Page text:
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Well sauced

(article, Nancy Rommelmann)

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Sauce. 

What does that word bring to mind? Booze, sometimes. Or a three-ingredients-only, each-grown-within-100-miles, long-simmered affair.

Maybe, like many of us, you see a glass jar, perhaps graced with a portrait of Paul Newman. Personally, I like his marinara sauce.

That I don’t often buy Mr. Newman’s sauce has nothing to do with being a food snob and everything to do with preferring my own, a tomato sauce with “chop meat” (as hamburger was called in New York when I was a kid) that I learned from my mother, who learned it from her mother. Or maybe my father’s mother, which makes more sense, my father’s mother being from the northern Italian city of Bobbio. Whichever the case, the sauce never had a name more than “sauce.” 

[%image feature-image float=left width=400 credit="Photo: © Culinate" caption="Sauce like Nana used to make."]

Maybe this is an Italian thing, or a New York Italian thing; whenever I hear Tony Soprano refer to “sauce,” I know he’s not talking about carbonara but ragù, or red sauce with meat, maybe a little sauseeg. The kind of sauce you buy in a jar, except that you make this sauce from scratch. Which sounds like a waste of time — until you taste it.

With all that American cooks have learned about the foods of the world, about seasonal and regional and unassailably virgin oils, why would we revert to a recipe based on Hunt’s canned tomato sauce and dried oregano that (in my mother’s case) has been in the pantry since the Reagan administration? We can’t, after all, dine on nostalgia — a point I recently learned upon biting into an “I loved these when I was 15!” Hostess Fruit Pie and finding it about as delicious as cherry-flavored NyQuil. 

I’ve decided that the answer must be this: There are dozens of brands of jarred tomato sauce not just because they’re convenient but because we like them. Even when a jarred sauce is bad, we kind of like it, while a well-made one is like a greatest-hits of flavors: salty, tangy, a little sweet, a little spice. 

While I once did have a friend’s mother plop a plate of plain spaghetti in front of me and hand me a bottle of ketchup — an event that even as an 8-year-old I knew was dead wrong — I did not as a child eat jarred sauce. Instead, every month my mother made two gallons of sauce, which she’d ladle into stained-from-the-last-batch-of-sauce Tupperware and stick in the freezer, thus assuring there was always something to eat, something we kids could thaw for ourselves. When I was 10, she taught me how to make the sauce.

[%image hunts width=175 float=right caption="The secret ingredient."]

“Don’t stir too much,” she said, standing over my shoulder, showing me how not to break up the meat, browning in the bottom of a large heavy Le Creuset pot, which already contained sautéed onion. “Turn the flame low, lower,” she instructed, because the sauce needed to simmer for three hours. Always, three hours.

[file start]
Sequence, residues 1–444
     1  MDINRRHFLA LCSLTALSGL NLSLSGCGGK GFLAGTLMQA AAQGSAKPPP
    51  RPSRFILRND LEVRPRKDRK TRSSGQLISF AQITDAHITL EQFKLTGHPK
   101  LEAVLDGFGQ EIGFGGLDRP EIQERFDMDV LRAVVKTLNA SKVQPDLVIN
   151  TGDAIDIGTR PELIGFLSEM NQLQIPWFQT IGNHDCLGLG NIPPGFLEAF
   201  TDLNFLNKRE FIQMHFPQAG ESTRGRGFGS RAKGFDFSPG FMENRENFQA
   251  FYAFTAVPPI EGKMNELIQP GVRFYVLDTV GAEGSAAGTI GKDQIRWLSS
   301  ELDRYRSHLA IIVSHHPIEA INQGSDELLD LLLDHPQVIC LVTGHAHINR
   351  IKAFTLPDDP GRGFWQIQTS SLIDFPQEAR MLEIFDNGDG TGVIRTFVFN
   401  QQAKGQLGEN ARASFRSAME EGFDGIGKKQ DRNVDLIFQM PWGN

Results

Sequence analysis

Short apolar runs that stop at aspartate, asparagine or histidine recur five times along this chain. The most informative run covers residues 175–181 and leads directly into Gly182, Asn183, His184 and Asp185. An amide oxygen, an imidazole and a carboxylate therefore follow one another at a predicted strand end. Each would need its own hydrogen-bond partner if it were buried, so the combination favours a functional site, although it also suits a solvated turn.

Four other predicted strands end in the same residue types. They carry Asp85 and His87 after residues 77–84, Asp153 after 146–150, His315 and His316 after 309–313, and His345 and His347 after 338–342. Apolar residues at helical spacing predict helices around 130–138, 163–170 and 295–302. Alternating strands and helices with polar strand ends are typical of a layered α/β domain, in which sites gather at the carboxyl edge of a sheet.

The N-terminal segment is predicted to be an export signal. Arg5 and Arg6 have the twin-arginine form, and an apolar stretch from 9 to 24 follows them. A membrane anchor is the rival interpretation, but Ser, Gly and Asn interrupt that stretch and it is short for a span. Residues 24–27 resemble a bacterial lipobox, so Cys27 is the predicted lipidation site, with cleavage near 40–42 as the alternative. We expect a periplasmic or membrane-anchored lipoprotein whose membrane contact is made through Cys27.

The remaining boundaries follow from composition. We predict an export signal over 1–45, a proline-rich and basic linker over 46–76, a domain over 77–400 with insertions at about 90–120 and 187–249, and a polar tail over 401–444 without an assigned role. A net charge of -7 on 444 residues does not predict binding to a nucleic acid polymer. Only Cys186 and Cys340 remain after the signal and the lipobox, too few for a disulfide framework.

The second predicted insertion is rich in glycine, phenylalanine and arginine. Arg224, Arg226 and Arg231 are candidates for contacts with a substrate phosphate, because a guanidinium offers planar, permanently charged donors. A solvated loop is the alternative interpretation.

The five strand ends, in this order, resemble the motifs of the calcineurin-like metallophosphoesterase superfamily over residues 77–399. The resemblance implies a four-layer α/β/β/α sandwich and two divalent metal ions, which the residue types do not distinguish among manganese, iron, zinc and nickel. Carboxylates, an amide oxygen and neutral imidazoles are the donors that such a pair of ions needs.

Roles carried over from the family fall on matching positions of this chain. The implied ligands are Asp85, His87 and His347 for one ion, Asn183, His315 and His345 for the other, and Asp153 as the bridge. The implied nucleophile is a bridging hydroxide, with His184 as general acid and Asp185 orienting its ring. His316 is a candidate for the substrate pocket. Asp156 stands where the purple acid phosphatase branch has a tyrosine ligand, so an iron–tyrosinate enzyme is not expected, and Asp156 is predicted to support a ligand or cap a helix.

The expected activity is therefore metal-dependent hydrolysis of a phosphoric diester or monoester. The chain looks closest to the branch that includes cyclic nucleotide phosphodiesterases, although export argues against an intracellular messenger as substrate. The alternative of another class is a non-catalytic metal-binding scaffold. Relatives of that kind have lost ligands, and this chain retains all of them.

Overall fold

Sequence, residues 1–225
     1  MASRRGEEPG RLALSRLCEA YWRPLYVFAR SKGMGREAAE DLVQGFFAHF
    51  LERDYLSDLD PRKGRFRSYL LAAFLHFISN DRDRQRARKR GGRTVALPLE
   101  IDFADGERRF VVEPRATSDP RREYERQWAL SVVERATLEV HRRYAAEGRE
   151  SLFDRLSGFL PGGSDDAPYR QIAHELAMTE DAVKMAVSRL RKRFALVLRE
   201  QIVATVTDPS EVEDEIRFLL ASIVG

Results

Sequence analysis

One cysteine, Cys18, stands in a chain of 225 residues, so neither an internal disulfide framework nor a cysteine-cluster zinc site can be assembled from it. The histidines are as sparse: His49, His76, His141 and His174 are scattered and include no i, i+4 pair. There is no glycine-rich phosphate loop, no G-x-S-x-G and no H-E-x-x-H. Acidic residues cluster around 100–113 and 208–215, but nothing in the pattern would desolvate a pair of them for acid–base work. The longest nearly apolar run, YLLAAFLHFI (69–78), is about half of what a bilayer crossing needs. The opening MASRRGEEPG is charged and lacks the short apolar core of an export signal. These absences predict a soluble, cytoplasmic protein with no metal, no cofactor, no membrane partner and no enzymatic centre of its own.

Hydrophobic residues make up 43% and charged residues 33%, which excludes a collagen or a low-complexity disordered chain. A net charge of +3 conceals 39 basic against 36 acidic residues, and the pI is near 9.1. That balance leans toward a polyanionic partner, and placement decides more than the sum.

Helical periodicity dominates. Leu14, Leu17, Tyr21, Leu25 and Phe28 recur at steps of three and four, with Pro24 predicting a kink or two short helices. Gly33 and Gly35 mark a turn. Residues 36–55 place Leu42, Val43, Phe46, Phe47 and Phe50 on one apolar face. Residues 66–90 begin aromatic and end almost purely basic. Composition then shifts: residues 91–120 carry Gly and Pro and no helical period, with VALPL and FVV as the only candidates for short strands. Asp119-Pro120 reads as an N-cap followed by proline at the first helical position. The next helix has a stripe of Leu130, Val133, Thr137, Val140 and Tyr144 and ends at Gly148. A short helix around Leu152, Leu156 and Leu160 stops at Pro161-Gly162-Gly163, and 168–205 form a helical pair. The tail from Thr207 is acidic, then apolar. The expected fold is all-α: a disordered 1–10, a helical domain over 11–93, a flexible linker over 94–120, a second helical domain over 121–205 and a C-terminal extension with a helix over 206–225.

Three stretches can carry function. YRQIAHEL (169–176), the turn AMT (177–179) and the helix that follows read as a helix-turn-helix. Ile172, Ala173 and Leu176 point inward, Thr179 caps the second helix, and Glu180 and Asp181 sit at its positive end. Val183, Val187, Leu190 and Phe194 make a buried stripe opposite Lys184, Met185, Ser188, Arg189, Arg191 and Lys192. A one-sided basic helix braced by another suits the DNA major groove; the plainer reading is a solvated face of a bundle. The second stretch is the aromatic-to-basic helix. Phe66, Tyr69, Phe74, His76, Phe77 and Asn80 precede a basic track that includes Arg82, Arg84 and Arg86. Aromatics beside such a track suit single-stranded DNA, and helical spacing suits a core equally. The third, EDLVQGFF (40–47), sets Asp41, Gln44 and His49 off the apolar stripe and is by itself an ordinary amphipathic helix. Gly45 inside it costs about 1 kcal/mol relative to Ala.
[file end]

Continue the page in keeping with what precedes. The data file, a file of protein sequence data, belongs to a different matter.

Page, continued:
It’s an easy recipe. By the time I was in high school, I had mastered it; as I got older, I made it often, on the assumption that one was supposed to have it on hand. As the years went by, my pasta-sauce repertoire grew to include homemade pesto, and a rough chop of Roma tomatoes and fresh basil quickly swished in a pan of hot butter, and a mélange of sun-dried tomatoes, pancetta, garlic confit, and ricotta salata. The people I love, they eat all these things; they’re happy to be fed. And yet, the question I most often get, the one delivered with dewy eyes and expectant expressions, is, “Do you have any of your mom’s sauce?”

The reasons why this sauce is so appreciated long eluded me. It does not rely on fresh ingredients; there are no special techniques. What it does require is a little time, a little tending. It’s made in big batches because you never know when you’re going to need to feed people, and it keeps in the freezer forever. It’s soothing and it’s there in a pinch. It is, I suppose, everything we expect of a good recipe, and for that matter, a good mother.

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I have been feeding said sauce to my own daughter since her infancy. Now 17 and thus constantly hungry, she’s accustomed to pulling a container out of the freezer at will, something she does so often and for so many friends that, recently, the unthinkable happened: there was no sauce left to thaw. “I guess it’s time you learn to make it yourself,” I told her.  

So I showed her how to chop the onions (“not too small”) and how to use the cup of her hand rather than measuring spoons for the dried herbs. “Lower,” I said, as I watched her turn down the flame in order for the sauce to simmer. Three hours later, we were eating pasta.

“You make a nice sauce,” I told her.

“Yes,” she said. “Nana’s sauce.”

p(bio). Nancy Rommelmann lives in Portland, Oregon. Her writing appears in the LA Weekly, the Los Angeles Times, Portland Monthly, and Bon Appétit, among other publications.


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